How differences can make a perfect team


 
 

2016 U.S. Olympic Beach Volleyball Team

APRIL ROSS | KERRI WALSH JENNINGS

Walsh Jennings and Ross are the only duo comprised of two Olympians. Walsh Jennings, a three-time gold medalist with Misty May-Treanor, and Ross, a 2012 silver medalist with Jennifer Kessy. In the qualification period, the pair have four gold medals, two silver and two bronze and finished third in the 2016 Olympic rankings.

"The face of this journey is different, considering I have a new partner by my side, but the spirit of it is just as beautiful and humbling and as wonderful as ever," said Walsh Jennings. "Each Olympic cycle has been so unique and so full of the best things in life: love, personal growth, teamwork, friendship, dedication, acceptance, dream chasing, etc. This journey has been no exception and yet it's been full of its own magic. I am proud, I am grateful and we are very happily in it to win it… every single day."

 - Team USA website, 2016


 
Kerri Walsh Jennings & April Ross.

Kerri Walsh Jennings & April Ross.

I met Kerri and April in Manhattan Beach, Los Angeles, in January. For me, it was a privilege and a totally joyful experience meeting these two incredible athletes and wonderful women. The meeting was orchestrated by their coach, Marcio Sicoli, who was determined we would make this happen, having completed the USOC Elite Coach Leadership Program, co-facilitated by People Academy. So determined, in fact, he went to great lengths to ensure the meeting took place, shoehorned into an insanely intense training schedule.

 

 

 

Kerri, along with her previous partner, Misty May-Treanor, has won Olympic Gold three times in succession and is a household name in the US. Unbelievably, Kerri will have her 39th birthday during the Olympics in Rio - she’s even contemplating Tokyo in 2020! Misty retired after London 2012.

 
Gold! Kerri Walsh Jennings (left) with Misty May-Treanor. London 2012

Gold! Kerri Walsh Jennings (left) with Misty May-Treanor. London 2012

 

 

Kerri and her new partner, April Ross, are very different people. In personality, they couldn’t be more different. And this could be a source of problems within a team.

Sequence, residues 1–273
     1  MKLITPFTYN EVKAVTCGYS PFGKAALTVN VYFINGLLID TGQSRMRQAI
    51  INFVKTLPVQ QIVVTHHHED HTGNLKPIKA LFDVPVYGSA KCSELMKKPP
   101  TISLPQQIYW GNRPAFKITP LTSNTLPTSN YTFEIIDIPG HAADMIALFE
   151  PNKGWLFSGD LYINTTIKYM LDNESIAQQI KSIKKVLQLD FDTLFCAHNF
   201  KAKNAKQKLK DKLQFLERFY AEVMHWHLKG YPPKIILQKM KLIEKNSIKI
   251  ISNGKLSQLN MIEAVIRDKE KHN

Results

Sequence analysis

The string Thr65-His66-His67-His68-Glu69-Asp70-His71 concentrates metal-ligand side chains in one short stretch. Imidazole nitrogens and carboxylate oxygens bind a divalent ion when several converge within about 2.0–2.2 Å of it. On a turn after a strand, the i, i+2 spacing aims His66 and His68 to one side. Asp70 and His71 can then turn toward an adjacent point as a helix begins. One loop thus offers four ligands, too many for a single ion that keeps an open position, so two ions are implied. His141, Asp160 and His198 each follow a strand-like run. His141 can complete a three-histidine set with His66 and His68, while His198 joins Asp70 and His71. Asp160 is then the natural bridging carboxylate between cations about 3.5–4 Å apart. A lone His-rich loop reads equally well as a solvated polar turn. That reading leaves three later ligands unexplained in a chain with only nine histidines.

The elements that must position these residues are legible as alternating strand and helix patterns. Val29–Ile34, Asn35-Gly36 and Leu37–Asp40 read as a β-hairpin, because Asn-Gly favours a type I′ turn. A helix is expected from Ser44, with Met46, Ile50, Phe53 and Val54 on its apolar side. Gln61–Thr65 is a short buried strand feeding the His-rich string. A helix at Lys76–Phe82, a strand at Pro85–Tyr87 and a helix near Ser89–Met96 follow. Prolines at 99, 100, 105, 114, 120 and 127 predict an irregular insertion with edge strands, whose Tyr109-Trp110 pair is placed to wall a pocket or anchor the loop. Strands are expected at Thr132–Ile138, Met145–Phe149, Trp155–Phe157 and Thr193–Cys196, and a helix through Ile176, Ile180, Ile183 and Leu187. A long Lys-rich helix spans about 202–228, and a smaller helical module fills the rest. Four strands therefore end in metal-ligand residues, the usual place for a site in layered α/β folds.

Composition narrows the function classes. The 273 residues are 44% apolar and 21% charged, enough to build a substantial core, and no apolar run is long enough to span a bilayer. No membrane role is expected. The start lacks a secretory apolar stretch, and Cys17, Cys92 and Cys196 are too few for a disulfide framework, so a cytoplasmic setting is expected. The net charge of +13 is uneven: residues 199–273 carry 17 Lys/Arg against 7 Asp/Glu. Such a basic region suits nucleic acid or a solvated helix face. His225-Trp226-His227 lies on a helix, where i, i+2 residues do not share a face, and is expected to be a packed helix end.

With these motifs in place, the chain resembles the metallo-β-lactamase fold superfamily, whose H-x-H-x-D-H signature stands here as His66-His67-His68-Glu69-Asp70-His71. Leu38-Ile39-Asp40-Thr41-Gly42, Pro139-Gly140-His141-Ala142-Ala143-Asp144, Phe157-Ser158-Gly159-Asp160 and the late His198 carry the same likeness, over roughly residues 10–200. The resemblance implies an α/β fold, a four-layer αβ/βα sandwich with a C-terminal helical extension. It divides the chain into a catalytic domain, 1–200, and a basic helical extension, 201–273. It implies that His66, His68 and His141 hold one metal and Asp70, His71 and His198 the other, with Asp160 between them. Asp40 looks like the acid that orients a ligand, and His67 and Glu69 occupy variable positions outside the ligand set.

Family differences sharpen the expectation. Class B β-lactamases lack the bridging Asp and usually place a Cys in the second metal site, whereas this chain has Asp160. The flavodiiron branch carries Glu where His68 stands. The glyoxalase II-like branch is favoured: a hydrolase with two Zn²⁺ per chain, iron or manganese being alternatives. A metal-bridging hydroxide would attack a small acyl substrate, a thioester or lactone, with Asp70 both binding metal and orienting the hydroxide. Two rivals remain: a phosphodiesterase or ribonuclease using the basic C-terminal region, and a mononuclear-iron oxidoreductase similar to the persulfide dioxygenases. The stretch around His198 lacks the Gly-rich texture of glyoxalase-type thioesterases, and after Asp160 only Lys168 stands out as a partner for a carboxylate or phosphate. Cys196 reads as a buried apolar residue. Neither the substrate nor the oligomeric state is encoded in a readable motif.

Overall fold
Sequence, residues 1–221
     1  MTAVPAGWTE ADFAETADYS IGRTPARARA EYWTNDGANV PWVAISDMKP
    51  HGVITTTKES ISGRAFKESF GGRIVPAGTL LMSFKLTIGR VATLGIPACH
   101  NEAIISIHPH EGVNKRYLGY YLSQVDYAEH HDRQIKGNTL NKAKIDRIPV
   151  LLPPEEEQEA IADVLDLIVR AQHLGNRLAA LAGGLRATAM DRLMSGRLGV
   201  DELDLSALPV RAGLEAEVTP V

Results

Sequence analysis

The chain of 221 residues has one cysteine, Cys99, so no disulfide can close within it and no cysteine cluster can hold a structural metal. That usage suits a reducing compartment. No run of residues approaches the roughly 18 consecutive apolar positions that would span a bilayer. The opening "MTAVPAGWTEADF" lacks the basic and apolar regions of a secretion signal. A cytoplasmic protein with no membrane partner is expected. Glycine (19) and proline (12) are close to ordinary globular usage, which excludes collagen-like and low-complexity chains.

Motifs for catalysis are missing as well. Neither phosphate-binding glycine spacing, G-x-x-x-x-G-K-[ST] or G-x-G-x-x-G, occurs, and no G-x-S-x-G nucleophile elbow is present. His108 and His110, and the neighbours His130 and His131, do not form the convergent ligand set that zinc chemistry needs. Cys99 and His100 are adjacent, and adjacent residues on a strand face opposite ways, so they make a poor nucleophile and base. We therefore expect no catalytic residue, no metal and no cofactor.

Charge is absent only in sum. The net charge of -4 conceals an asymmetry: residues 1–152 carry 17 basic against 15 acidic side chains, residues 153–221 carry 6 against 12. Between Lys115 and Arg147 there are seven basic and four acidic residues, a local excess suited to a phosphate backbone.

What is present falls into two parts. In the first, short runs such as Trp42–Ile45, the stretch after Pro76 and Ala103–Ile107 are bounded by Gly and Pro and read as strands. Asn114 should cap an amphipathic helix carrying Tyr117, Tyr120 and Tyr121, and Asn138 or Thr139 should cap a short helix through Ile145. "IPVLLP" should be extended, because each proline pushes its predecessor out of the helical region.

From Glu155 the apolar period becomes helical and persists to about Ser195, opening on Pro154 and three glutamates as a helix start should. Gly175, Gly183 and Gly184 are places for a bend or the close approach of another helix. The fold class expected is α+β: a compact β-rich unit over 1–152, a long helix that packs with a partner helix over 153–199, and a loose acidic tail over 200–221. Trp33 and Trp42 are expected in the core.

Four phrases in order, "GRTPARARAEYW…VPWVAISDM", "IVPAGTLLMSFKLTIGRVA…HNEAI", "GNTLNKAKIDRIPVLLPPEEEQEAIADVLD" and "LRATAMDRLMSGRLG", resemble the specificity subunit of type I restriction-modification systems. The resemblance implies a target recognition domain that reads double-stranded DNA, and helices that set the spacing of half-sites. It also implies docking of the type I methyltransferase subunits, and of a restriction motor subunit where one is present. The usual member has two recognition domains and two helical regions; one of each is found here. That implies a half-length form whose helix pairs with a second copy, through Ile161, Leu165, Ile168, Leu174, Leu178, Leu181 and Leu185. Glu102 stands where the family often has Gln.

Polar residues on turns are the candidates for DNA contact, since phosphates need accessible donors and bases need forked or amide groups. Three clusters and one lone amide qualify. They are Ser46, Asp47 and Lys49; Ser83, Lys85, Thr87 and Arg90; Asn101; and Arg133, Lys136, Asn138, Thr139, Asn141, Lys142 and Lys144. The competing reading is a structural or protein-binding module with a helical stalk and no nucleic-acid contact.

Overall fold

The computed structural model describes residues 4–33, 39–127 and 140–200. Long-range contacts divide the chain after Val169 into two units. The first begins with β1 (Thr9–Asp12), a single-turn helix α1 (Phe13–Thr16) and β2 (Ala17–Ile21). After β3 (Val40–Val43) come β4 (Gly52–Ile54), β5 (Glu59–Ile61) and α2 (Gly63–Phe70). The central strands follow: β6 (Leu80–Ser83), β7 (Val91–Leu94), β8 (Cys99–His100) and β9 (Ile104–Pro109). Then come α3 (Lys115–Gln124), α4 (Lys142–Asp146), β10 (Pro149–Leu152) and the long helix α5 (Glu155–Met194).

Do the math on this: the amount of time athletes spend together in competition is probably less than 1%... the other 99% is spent together in training, travelling and living together. So, it’s mission critical that they can, and do, get along together - it’s not a nice-to-have. Their coach, Brazilian-born Marcio, saw the potential that this had for high performance as a unit, in training and competition, recognizing completely what was at stake here.

 

People who are very different from each other – complete opposites like Kerri and April – often fail to see the real potential in working together.

 

Think about it: we tend to be attracted to people with personality types that are similar to ourselves. We feel comfortable with them, easy in their company, on the same wavelength. With someone who’s a complete opposite, we find them at least a little ‘odd’, and they probably think the same of us. We’re puzzled or perplexed at how they behave, how they think. It goes much deeper if they reveal what motivates them, what their fears are, if you can get close enough to attempt to uncover their deeply held beliefs and values, which is usually unlikely because we tend to steer clear of them! 

With people working in a team where such differences exist (and let’s face it, in how many teams is this not the case), there is often considerable untapped potential, because the differences result in people naturally maintaining a certain distance, a reserve, holding back on full engagement with each other.

 

How do you make a team of personality ‘misfits’ into a high performing team?

  • By sharing understanding of differences, both ways, and across the team

  • By a willingness throughout the team to talk openly about the differences

  • By everyone valuing and appreciating the differences, celebrating them even

  • By no one ever assuming “my view of the world is the right one, everyone else must be wrong”

 

Through this understanding, potential is released and the energy in the team is transformed. No more odd looks or whispers in corridors. No more repressed emotions. More engagement and healthy, open challenging of each other.

April and Kerri with Marcio (3rd from left) and Phil Ferrar (2nd from right)  Manhattan Beach training centre, Los Angeles, CA

April and Kerri with Marcio (3rd from left) and Phil Ferrar (2nd from right)

Manhattan Beach training centre, Los Angeles, CA

 

April and Kerri, and their coach, Marcio, got it. They could see that by Combining the very different characteristics and qualities that each of them has, they have the making of a perfect team, leaving nothing in short supply.

 

My best wishes to them all, for their future success and the ultimate prize, Gold at Rio.

 

 

 

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